Group enters natural gas export debate to nudge administration

“We are talking with them and we are meeting with them. We don’t believe that the regulatory process is broken,” Cooper said. “I think the need is to get the regulatory process moving again. The applications have been stalled at the Department of Energy since last November, and there’s a strong desire to see that process restarted.”

The administration has proven less willing to green-light permits to nations that aren't trade partners. Only one of the 15 applications from non-trade pact countries has been approved, while the administration has granted 14 of 19 permits for exports to countries with agreements in place.

A loose coalition to which CLNG belongs has quietly pressured the administration on the topic in recent months.


That informal collection of manufacturers and energy groups organized lawmakers to send letters urging the administration to expedite export approvals. The lawmakers, who were mostly Republican, have cited economic gains from exporting LNG while downplaying the effects it might have on price increases.

The Energy Department has said it is waiting on the second and final part of its study on natural gas exports before it proceeds with permitting. The administration delayed releasing that report until after the election, citing complexities of analyzing fragmented global markets.

That study is expected to be completed by the end of the year, an Energy official told The Hill in an email. The official said the study is one of many inputs considered in Energy's decision on LNG exports.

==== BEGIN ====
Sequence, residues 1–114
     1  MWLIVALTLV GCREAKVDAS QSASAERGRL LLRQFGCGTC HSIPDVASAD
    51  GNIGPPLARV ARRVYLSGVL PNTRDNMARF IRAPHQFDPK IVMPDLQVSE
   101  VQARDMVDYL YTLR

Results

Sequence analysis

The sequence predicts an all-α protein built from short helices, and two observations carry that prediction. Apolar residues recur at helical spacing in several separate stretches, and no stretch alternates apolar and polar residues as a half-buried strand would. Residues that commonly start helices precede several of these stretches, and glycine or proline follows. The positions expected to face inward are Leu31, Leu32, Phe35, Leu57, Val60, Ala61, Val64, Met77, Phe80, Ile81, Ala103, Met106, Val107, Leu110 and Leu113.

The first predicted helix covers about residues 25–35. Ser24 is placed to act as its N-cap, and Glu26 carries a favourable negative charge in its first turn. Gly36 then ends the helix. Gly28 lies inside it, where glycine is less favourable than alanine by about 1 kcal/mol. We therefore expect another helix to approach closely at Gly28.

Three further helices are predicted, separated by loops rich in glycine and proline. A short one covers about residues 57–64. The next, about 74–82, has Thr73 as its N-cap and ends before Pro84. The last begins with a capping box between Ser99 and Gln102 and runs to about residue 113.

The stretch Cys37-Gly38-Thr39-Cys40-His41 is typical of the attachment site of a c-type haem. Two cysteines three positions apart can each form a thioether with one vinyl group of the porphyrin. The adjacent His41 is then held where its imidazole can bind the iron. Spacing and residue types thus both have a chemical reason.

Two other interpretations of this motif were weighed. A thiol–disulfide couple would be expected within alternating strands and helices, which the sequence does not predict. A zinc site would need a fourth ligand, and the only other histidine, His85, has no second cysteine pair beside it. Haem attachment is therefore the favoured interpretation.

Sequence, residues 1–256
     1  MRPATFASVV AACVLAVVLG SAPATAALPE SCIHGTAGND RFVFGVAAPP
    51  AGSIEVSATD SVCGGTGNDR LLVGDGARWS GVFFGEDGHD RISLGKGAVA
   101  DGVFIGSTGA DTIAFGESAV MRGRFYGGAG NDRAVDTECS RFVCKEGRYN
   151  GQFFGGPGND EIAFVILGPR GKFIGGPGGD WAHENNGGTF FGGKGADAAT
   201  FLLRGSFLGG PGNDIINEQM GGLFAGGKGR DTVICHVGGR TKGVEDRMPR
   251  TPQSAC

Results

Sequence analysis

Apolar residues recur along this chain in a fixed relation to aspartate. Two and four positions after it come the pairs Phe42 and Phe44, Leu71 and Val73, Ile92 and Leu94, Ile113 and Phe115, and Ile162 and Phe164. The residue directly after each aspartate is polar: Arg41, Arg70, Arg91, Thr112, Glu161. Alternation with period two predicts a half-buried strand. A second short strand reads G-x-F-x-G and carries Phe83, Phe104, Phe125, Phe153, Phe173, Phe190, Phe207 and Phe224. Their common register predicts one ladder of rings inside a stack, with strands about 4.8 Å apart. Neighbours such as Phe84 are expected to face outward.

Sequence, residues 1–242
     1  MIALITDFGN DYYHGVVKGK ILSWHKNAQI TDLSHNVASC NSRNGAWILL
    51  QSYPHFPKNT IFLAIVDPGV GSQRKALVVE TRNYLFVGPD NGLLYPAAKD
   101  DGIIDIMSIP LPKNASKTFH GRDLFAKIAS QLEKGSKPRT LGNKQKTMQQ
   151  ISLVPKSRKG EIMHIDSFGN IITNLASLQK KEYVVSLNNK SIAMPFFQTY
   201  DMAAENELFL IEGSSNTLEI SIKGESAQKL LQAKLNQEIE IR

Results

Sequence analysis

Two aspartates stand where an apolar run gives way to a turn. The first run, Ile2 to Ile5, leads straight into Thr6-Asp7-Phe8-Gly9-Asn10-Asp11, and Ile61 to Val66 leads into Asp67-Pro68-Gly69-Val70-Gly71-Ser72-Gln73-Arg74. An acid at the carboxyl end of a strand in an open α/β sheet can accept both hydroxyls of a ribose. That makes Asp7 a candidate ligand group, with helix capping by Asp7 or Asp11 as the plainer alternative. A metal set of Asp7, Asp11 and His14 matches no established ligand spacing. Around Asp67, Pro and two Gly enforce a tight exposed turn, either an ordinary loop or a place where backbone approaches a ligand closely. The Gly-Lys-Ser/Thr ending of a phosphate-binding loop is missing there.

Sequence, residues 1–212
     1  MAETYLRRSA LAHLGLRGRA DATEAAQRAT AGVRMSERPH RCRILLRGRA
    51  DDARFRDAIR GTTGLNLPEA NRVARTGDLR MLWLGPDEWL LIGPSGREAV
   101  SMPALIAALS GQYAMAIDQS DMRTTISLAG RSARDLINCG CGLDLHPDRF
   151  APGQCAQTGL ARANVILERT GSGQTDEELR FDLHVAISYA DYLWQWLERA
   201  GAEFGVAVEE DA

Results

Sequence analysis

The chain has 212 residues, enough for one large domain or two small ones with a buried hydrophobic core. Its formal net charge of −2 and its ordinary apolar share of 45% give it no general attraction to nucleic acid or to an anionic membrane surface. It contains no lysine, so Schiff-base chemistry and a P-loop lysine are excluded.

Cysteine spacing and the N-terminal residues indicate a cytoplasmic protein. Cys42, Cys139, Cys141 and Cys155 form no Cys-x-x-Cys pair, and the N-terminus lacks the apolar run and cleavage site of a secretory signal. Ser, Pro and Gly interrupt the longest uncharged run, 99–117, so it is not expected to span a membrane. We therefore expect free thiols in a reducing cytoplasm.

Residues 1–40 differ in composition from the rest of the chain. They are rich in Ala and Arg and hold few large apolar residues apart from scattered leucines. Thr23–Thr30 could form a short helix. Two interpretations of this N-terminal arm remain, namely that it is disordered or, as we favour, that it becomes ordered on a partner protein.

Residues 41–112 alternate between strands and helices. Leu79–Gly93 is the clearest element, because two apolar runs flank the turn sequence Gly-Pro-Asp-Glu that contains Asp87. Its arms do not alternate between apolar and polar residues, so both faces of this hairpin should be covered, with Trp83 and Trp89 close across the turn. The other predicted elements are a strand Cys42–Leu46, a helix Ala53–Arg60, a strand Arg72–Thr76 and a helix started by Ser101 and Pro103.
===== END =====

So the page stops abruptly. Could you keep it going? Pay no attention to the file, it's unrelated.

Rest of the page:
"Prior to approving a proposal to export natural gas, the Natural Gas Act requires the Energy Department  to determine that the proposed export is consistent with the public interest. That public interest determination includes, among other factors, both economic and environmental considerations," the DOE official said.

The first part of the Energy Department's report said exports would likely raise natural gas prices in the United States, a comment that some Democrats who oppose exports seized upon.


Cooper said that several other analyses show the price increases would be minimal, and that exports could reduce natural gas price volatility.

“We are told that the Department of Energy wants to make sure that it gets the study right. It wants it to be right and accurate in all respects,” Cooper said. “And we want it to be accurate in all respects — but it’s taken a very long time.”

A group of 20 Democratic lawmakers is using that time to ask the administration for a broader environmental assessment on exporting natural gas.

Those lawmakers want Energy to request a more stringent environmental test for approving the permits. They are concerned that unconventional drilling methods that have been linked to land damage and contaminated drinking water would be used to meet a bulk of the new demand from exports.

Cooper said current regulations do not require the Federal Energy Regulatory Commission (FERC) to evaluate environmental effects with that broad of a scope.

FERC must only rule on the environmental impact of the terminal itself, Cooper noted. FERC offered that explanation when it approved Cheniere Energy’s permit to non-free trade countries at its Sabine Pass terminal in Louisiana.

But Energy said earlier this month that it needs more time to consider a request from the Sierra Club to use the more stringent environmental test.